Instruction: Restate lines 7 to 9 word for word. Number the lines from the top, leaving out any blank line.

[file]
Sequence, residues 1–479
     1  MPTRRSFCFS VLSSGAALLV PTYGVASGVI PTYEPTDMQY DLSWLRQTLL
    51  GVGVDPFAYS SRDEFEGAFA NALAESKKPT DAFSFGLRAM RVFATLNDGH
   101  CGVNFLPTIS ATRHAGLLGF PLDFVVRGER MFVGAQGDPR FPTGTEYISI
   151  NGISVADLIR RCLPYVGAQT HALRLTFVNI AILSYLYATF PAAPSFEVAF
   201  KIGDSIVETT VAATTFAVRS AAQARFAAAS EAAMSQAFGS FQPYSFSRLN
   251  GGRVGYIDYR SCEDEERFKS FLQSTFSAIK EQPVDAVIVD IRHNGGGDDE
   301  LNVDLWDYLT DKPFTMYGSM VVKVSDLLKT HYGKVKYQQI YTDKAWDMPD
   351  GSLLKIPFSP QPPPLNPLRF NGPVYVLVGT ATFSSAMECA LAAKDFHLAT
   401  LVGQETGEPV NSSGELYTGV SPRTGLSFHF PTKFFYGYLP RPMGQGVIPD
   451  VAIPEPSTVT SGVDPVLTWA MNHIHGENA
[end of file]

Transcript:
   251  GGRVGYIDYR SCEDEERFKS FLQSTFSAIK EQPVDAVIVD IRHNGGGDDE
   301  LNVDLWDYLT DKPFTMYGSM VVKVSDLLKT HYGKVKYQQI YTDKAWDMPD
   351  GSLLKIPFSP QPPPLNPLRF NGPVYVLVGT ATFSSAMECA LAAKDFHLAT